Williams Manual of Pregnancy Complications, 23 ed.

CHAPTER 90. Neonatal Complications of Prematurity


To provide blood–gas exchange after birth, the infant’s lungs must rapidly fill with air while being cleared of fluid, and the volume of blood that perfuses the lungs must increase remarkably. Some of the fluid is expressed as the chest is compressed during vaginal delivery, and the remainder is absorbed through the pulmonary lymphatics. The presence of sufficient surfactant synthesized by the type II pneumonocyte is essential to stabilize the air-expanded alveoli by lowering surface tension and thereby preventing lung collapse during expiration. If surfactant is inadequate, respiratory distress develops. This is characterized by the formation of hyaline membranes in the distal bronchioles and alveoli. Because of this, respiratory distress in the newborn is also termed hyaline membrane disease.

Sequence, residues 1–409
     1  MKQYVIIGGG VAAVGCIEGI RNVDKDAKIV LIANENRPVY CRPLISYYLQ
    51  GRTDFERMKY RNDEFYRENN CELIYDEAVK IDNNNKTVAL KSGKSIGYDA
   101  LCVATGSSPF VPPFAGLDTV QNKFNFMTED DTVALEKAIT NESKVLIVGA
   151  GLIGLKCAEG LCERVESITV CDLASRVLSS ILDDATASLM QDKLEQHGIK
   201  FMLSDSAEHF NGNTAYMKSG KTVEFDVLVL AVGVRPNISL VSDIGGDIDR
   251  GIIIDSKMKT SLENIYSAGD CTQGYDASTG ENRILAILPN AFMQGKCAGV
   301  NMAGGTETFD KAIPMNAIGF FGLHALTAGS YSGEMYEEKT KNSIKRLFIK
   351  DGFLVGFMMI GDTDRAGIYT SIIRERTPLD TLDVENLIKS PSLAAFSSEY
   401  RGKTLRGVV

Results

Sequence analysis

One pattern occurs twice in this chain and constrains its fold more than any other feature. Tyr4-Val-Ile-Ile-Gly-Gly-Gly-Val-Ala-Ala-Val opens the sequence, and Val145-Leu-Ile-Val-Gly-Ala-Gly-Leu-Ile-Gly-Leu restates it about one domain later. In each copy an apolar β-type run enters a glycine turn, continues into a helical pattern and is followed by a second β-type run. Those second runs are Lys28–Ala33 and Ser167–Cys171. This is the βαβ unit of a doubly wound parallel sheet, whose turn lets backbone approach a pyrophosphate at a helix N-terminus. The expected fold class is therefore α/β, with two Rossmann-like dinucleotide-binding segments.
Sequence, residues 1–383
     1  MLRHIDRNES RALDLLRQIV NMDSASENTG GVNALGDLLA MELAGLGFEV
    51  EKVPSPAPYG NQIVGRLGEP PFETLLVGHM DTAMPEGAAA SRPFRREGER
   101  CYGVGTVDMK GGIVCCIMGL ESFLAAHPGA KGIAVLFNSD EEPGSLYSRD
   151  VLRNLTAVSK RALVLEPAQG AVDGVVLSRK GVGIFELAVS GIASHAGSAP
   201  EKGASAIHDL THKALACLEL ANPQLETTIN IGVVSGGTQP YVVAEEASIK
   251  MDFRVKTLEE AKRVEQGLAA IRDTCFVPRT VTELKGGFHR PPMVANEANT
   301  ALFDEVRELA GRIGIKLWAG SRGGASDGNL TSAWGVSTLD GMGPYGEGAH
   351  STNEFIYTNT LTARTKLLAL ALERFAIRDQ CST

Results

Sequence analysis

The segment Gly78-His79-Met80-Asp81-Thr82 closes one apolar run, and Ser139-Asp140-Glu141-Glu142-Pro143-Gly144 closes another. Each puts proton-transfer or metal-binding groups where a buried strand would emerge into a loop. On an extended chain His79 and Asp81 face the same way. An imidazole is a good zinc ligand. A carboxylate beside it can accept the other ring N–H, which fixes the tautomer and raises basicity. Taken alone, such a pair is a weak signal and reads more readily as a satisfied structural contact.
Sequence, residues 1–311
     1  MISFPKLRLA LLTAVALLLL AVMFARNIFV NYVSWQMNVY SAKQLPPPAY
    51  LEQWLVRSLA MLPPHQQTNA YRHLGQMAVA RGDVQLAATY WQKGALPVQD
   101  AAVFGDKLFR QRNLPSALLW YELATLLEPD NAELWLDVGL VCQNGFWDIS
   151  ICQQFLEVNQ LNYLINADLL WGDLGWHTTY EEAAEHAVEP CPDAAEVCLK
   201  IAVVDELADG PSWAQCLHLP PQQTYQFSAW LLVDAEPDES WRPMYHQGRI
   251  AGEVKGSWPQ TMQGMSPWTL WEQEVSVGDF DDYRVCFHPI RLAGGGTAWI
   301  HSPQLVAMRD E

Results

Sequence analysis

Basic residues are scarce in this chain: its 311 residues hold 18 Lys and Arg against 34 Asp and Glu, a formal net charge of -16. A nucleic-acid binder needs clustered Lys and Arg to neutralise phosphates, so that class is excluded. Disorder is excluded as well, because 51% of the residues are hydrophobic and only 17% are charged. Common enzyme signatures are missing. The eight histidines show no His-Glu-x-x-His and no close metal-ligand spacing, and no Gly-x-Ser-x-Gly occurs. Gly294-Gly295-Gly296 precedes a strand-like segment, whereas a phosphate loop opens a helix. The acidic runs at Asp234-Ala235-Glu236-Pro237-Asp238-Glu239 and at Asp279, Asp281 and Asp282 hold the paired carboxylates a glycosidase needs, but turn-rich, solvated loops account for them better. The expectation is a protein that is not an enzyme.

Clinical Course

In the typical case of respiratory distress syndrome, tachypnea develops and the chest wall retracts, while expiration is often accompanied by a whimper and grunt—a combination called “grunting and flaring.” Progressive shunting of blood through nonventilated lung areas contributes to hypoxemia and metabolic and respiratory acidosis. Poor peripheral circulation and systemic hypotension may be evident. The chest x-ray shows a diffuse reticulogranular infiltrate with an air-filled tracheobronchial tree (air bronchogram).

Respiratory insufficiency can also be caused by sepsis, pneumonia, meconium aspiration, pneumothorax, diaphragmatic hernia, persistent fetal circulation, and heart failure. Common causes of cardiac decompensation in the early newborn period are patent ductus arteriosus and congenital cardiac malformations.